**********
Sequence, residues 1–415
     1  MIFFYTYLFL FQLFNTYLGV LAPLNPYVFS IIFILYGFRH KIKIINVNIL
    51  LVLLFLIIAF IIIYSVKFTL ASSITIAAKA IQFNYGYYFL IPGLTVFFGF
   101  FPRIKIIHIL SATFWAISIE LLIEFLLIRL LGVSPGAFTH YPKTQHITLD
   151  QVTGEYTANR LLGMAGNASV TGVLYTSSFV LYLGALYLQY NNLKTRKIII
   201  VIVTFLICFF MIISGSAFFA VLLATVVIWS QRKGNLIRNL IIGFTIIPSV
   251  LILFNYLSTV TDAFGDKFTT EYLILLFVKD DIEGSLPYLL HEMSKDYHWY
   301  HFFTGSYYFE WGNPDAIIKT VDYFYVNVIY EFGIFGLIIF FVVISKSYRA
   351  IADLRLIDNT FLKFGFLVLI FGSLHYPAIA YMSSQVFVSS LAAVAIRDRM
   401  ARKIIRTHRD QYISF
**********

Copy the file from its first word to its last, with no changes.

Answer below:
Sequence, residues 1–415
     1  MIFFYTYLFL FQLFNTYLGV LAPLNPYVFS IIFILYGFRH KIKIINVNIL
    51  LVLLFLIIAF IIIYSVKFTL ASSITIAAKA IQFNYGYYFL IPGLTVFFGF
   101  FPRIKIIHIL SATFWAISIE LLIEFLLIRL LGVSPGAFTH YPKTQHITLD
   151  QVTGEYTANR LLGMAGNASV TGVLYTSSFV LYLGALYLQY NNLKTRKIII
   201  VIVTFLICFF MIISGSAFFA VLLATVVIWS QRKGNLIRNL IIGFTIIPSV
   251  LILFNYLSTV TDAFGDKFTT EYLILLFVKD DIEGSLPYLL HEMSKDYHWY
   301  HFFTGSYYFE WGNPDAIIKT VDYFYVNVIY EFGIFGLIIF FVVISKSYRA
   351  IADLRLIDNT FLKFGFLVLI FGSLHYPAIA YMSSQVFVSS LAAVAIRDRM
   401  ARKIIRTHRD QYISF